As a graduate of St. Alphonsus School in East L.A. and member of the last class from all-girls’ Sacred Heart of Mary High School in June 1991, Sylvia Armas-Abad knows the value of a Catholic education — especially for Hispanics like herself. Today she’s turned that personal experience into being the field consultant in Los Angeles for ACE. She tries to get the dual message out that there are quality Catholic schools in many local Latino communities and that tuition is affordable with the help of the Catholic Education Foundation and other aid and scholarship programs.  

“A part of Catholic schools in America has always been to close the achievement gap for the most under-resourced, under-privileged children across the United States,” she said. “I mean, that really is our legacy in the Catholic school system — that we were always able to educate children of immigrant families in a way that no educational system has been able to do. And we still are.”

At the morning celebration, two graduating eighth-graders at Immaculate Conception School lent concrete proof to that. Xenia Martinez spoke about how in the primary grades at Immaculate Conception, studying and getting good grades made her more self-confident and her mother happy and proud. But when her family moved away and she went to a public school, she felt unsupported and completely on her own.

Xenia’s family moved back to Los Angeles and she returned to I.C.S. “Not only was I challenged in my education, but I was given the knowledge of prayer and the importance of study in my life,” she told the outdoor assembly of ACE staffers, guests, students and educators. “And my confidence came back and I’m deeply grateful.”

In his speech, Reuben del Rosal acknowledged he had grown personally, intellectually and spiritually during his nine years at the parochial school. “My experiences in Catholic education have been the best years of my life,” he said. “It’s very good to know that my mother is working so hard to pay for my education. She knows that there are great people here, and she knows the quality of education is the best.

“I believe that Immaculate Conception School has helped me grow in book-smarts and life-smarts,” said Reuban. “But I think the best feature in Catholic education is that you get to know God.”    


Jean Beliveau, RIP


Jean Beliveau was more than an athlete, though certainly he was a one-in-a-million athlete. The record of his achievements almost defies belief. He played in the National Hockey League for 20 seasons and retired with 10 championship rings.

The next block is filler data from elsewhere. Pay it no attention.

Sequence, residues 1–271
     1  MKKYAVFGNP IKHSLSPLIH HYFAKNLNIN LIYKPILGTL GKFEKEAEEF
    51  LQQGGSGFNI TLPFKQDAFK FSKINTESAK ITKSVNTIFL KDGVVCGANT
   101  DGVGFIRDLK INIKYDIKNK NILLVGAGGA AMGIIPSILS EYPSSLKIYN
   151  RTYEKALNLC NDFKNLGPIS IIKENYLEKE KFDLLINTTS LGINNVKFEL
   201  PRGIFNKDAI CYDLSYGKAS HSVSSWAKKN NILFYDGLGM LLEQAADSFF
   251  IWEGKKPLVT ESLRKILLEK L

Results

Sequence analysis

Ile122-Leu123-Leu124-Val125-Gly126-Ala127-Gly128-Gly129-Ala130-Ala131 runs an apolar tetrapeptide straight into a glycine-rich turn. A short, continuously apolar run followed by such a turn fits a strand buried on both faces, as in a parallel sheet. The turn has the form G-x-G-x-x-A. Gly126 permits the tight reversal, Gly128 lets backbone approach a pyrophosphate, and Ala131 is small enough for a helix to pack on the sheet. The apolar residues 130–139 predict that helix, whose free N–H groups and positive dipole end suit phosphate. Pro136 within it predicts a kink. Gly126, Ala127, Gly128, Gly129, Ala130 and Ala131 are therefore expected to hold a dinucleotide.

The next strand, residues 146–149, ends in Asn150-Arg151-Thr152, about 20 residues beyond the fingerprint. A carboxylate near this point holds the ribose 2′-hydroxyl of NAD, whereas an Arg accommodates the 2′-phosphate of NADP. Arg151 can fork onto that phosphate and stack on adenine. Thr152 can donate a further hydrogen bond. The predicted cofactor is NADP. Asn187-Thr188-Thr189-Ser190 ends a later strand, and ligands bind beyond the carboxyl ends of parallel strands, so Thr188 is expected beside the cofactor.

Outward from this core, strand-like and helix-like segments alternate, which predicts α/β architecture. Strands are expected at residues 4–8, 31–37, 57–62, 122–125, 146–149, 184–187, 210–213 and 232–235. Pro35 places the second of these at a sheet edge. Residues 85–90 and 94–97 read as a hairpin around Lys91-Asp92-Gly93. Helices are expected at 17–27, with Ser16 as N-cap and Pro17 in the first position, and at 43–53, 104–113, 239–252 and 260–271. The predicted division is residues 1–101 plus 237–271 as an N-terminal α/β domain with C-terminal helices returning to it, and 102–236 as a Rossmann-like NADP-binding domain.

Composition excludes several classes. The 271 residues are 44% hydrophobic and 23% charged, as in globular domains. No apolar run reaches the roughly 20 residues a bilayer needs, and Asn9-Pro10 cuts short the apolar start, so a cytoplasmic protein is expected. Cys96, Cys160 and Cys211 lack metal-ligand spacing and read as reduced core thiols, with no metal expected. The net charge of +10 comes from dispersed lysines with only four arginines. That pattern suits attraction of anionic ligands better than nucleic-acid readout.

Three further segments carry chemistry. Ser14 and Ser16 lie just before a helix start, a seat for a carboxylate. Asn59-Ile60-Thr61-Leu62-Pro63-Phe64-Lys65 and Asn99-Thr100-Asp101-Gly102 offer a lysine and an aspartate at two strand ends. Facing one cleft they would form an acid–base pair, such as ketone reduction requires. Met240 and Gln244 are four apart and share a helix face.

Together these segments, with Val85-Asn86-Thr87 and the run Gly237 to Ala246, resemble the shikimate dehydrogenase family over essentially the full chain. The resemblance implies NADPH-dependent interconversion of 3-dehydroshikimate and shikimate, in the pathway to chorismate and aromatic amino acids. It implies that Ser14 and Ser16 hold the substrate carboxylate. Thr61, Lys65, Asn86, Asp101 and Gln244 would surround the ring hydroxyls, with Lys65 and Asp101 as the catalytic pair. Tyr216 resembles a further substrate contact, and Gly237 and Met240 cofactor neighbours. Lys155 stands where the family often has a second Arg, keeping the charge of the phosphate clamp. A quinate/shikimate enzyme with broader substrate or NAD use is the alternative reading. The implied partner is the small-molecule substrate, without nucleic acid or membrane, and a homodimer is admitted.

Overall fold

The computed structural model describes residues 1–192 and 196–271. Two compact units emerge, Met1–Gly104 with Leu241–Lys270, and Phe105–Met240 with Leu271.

Together in Mission 300x250


December 2014
Sun Mon Tue Wed Thu Fri Sat
1 2 3 4 5 6
7 8 9 10 11 12 13
14 15 16 17 18 19 20
21 22 23 24 25 26 27
28 29 30 31

December 20, 2014

  • Saturday, December 20

    St. Margaret's Center Christmas Program, 10:30 a.m.-4 p.m., Morningside High School (Cafeteria), 10500 S. Yukon Ave, Inglewood. St. Margaret's Center, Inglewood School District, Doorking, Inc., and Centinela Hospital Medical Staff invite you to join them as they create a holiday wonderland with Christmas surprises for more than 1,000 poverty-level children and their parents. (310) 672-2208. Click here for more information.

    Christmas Shop at Holy Grounds, 11:30 a.m.-4 p.m., St. Monica Catholic Community, 725 California Ave., Santa Monica. (310) 566-1500.

    Dancing Festival of Lessons and Carols, 2 p.m. and 7:30 p.m., Holy Spirit Retreat House, 4316 Lanai Rd., Encino. A concert by Valyermo Dancers & Co., choreographed by John West. $15. Contact Sr. Deborah for more info, (818) 784-4515.

    Christmas Dinner Dance, 6 p.m., Knights of Columbus Hall, 21433 Strathern St, Canoga Park. Tickets, $28. (818) 371-0473.

    Las Posadas, 7 p.m., Parish Hall, Sacred Heart Catholic Church, 600 W Mariposa St, Altadena. Posadas means “the inns” or “the shelters” in Spanish. A religious and social celebration, Las Posadas commemorates Joseph and Mary’s journey to Bethlehem and their search for shelter prior to the birth of Christ. We invite you to join us in a one-day celebration of this tradition. (626) 794-2046.

The Tidings - Home Delivery 300x100

Get our news by email

Retirement Fund for Religious
Bob Smith BMW 300x250
Bob Smith Toyota 300x250
Bob Smith Mini 300x250